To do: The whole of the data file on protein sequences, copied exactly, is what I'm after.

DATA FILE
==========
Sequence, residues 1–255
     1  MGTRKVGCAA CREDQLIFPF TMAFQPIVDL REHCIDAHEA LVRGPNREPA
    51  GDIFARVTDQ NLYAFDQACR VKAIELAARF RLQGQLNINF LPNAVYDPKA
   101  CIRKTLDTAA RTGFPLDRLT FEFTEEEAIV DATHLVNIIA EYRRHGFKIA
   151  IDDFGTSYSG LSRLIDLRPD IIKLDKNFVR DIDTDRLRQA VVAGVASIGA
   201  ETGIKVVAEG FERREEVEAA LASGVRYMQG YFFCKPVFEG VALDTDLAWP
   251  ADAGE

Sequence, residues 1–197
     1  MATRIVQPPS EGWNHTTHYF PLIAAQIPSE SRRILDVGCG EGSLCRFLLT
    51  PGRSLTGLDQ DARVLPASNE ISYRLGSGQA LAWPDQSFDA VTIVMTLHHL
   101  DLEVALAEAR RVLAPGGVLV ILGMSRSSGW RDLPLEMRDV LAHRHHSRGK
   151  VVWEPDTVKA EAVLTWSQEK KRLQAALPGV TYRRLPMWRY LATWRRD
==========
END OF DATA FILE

Sequence, residues 1–255
     1  MGTRKVGCAA CREDQLIFPF TMAFQPIVDL REHCIDAHEA LVRGPNREPA
    51  GDIFARVTDQ NLYAFDQACR VKAIELAARF RLQGQLNINF LPNAVYDPKA
   101  CIRKTLDTAA RTGFPLDRLT FEFTEEEAIV DATHLVNIIA EYRRHGFKIA
   151  IDDFGTSYSG LSRLIDLRPD IIKLDKNFVR DIDTDRLRQA VVAGVASIGA
   201  ETGIKVVAEG FERREEVEAA LASGVRYMQG YFFCKPVFEG VALDTDLAWP
   251  ADAGE

Sequence, residues 1–197
     1  MATRIVQPPS EGWNHTTHYF PLIAAQIPSE SRRILDVGCG EGSLCRFLLT
    51  PGRSLTGLDQ DARVLPASNE ISYRLGSGQA LAWPDQSFDA VTIVMTLHHL
   101  DLEVALAEAR RVLAPGGVLV ILGMSRSSGW RDLPLEMRDV LAHRHHSRGK
   151  VVWEPDTVKA EAVLTWSQEK KRLQAALPGV TYRRLPMWRY LATWRRD